A preliminary analysis of data taken by the LHCb collaboration at the CERN particle-physics lab near Geneva casts doubt on the recent claim by physicists on the D0 experiment at Fermilab in the US that they have discovered an exotic particle containing four quarks. Dubbed X(5568), the tetraquark was believed to contain "up" and "bottom" quarks as well as "down" and "strange" antiquarks. Quarks normally group together in pairs to form mesons or threes to make baryons.

The new particle has a mass of 5568 MeV/c2 and was found in proton–antiproton collision data taken over nine years by D0, which ran on the now-defunct Tevatron collider. In a paper submitted to Physical Review Letters and posted on the arXiv server in February, the D0 collaboration identified the tetraquark with a statistical significance of 5.1σ. That is greater than the 5σ that is normally required for a discovery in particle physics.

Excess pairs

Rather than spotting the X(5568) particle itself, however, the D0 physicists identified pairs of BS mesons and pi mesons that are created when X(5568) decays. They spotted an excess of 133 such pairs above the expected background level. Each pair had a total energy of about 5568 MeV, corresponding to the mass of the tetraquark.

As X(5568) should also be produced in proton–proton collisions on the Large Hadron Collider (LHC) at CERN. The LHCb experiment – which is designed to detect B mesons – is in a perfect position to study the new tetraquark. Unfortunately, however, physicists working on LHCb have found no evidence for X(5568), despite having analysed 20 times as many BS meson events as had the D0 team.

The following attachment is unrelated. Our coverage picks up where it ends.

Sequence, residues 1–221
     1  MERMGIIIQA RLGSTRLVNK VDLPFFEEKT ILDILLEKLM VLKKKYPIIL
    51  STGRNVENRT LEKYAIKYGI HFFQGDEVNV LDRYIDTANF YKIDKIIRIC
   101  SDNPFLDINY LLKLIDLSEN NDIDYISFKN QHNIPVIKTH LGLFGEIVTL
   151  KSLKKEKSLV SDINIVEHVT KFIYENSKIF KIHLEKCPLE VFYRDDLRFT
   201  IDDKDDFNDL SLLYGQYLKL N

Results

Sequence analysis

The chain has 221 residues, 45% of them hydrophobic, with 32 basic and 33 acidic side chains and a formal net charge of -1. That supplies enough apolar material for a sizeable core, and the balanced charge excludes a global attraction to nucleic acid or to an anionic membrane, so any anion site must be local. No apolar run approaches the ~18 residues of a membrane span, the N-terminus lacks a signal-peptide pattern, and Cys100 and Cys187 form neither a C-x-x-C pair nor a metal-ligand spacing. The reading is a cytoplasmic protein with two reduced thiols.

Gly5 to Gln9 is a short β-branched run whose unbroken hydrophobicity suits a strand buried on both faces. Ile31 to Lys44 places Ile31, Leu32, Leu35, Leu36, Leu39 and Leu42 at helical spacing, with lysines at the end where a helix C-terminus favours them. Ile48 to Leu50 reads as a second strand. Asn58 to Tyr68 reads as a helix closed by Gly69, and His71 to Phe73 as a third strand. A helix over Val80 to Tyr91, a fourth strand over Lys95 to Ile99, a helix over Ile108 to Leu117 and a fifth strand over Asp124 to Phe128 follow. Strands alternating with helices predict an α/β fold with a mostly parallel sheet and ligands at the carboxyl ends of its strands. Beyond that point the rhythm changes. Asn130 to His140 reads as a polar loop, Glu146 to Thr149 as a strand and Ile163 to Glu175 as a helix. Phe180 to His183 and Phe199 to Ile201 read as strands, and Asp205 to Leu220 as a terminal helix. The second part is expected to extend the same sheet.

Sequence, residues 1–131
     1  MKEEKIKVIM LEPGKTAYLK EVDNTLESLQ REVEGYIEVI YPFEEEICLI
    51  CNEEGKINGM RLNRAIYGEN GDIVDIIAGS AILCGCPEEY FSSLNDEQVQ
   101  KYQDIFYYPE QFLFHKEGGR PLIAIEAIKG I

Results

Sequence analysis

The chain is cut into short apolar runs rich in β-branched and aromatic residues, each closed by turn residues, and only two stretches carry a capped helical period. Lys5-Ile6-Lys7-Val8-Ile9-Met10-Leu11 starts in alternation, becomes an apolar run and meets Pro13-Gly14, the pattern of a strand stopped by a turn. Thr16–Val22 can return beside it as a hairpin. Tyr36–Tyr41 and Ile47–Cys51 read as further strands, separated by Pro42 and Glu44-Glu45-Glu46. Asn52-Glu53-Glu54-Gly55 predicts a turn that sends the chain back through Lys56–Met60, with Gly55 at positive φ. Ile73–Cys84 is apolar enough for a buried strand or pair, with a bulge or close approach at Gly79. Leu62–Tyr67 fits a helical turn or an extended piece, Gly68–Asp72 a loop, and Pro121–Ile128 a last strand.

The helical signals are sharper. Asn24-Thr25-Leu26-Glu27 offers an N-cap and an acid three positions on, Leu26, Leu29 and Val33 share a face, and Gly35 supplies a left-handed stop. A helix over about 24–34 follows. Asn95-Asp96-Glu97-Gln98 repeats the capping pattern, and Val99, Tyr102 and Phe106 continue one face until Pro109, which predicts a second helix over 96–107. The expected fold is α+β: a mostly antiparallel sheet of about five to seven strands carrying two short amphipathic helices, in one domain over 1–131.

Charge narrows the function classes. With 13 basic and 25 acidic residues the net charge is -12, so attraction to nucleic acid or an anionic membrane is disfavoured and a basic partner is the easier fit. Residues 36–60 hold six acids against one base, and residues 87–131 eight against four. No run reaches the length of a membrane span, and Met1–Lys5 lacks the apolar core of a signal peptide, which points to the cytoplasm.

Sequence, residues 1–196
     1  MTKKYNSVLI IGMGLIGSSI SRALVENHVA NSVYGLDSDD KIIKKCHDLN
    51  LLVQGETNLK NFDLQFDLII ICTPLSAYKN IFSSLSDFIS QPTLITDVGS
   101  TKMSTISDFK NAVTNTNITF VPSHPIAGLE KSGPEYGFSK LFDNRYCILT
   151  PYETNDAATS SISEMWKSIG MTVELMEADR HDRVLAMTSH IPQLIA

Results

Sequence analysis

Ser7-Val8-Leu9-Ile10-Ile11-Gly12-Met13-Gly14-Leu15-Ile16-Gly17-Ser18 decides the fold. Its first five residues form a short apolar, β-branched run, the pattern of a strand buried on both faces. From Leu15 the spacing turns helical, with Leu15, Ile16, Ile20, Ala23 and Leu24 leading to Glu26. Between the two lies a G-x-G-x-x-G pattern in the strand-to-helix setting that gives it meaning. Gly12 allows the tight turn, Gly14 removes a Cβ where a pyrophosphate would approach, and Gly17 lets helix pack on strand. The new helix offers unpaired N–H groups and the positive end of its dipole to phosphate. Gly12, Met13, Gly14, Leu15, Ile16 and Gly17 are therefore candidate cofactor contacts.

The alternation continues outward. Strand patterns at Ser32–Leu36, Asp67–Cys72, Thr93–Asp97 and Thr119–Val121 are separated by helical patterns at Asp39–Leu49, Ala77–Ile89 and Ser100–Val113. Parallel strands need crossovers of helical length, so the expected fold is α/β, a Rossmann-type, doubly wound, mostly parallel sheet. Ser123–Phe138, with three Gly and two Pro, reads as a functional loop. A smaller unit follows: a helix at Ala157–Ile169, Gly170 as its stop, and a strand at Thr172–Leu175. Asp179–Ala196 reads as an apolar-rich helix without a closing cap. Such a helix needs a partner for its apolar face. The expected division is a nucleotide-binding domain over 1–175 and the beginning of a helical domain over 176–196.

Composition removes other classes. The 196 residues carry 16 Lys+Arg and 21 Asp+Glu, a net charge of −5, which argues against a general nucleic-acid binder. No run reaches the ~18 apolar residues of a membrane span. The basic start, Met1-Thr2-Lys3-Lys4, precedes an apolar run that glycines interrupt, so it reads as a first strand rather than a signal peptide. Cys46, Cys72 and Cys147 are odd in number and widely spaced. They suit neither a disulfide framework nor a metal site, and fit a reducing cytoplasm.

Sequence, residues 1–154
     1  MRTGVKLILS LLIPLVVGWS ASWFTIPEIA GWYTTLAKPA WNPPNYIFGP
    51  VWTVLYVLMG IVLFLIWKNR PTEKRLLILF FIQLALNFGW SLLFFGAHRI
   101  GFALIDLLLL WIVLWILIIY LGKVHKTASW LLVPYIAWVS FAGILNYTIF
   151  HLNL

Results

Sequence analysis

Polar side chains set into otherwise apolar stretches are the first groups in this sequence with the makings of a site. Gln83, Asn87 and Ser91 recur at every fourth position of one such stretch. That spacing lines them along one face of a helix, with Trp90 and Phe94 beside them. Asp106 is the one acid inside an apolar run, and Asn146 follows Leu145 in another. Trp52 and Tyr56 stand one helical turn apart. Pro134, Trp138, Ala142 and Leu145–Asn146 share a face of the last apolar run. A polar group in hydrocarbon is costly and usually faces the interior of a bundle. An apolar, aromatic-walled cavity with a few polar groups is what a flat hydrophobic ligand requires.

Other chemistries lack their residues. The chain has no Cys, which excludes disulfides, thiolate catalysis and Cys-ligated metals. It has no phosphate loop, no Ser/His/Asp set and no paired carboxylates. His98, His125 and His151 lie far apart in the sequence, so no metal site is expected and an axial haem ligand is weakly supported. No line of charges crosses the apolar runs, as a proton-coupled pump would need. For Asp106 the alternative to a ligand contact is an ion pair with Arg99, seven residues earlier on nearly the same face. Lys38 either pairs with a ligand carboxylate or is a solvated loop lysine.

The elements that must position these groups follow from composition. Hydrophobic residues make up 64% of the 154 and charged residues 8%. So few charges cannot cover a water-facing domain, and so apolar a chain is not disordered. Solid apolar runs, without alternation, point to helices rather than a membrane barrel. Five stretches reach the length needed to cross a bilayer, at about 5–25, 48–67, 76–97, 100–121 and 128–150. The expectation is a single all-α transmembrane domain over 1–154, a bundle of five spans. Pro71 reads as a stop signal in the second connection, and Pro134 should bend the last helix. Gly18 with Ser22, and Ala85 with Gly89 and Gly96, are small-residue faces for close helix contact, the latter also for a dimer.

Tetraquarks are of great interest to particle physicists because most known hadrons are either mesons, which contain a quark and an antiquark, or baryons, which comprise three quarks. The theory of the strong force – quantum chromodynamics (QCD) – allows for other types of exotic baryons with four quarks (a tetraquark) or five quarks (a pentaquark). But doing calculations using QCD is extremely difficult, so it is not clear what tetraquark or pentaquark configurations are possible.

Charmonium core

X(5568) is particularly interesting because it contains four distinct flavours of quark and antiquark. This is unlike all other known tetraquarks and pentaquarks, which all contain a charm quark/antiquark pair. This led some physicists to speculate that charmonium – a bound state of a charm quark and antiquark – creates a "core" around which tetraquarks and pentaquarks can form.

The LHCb analysis is described in a conference note on the CERN website.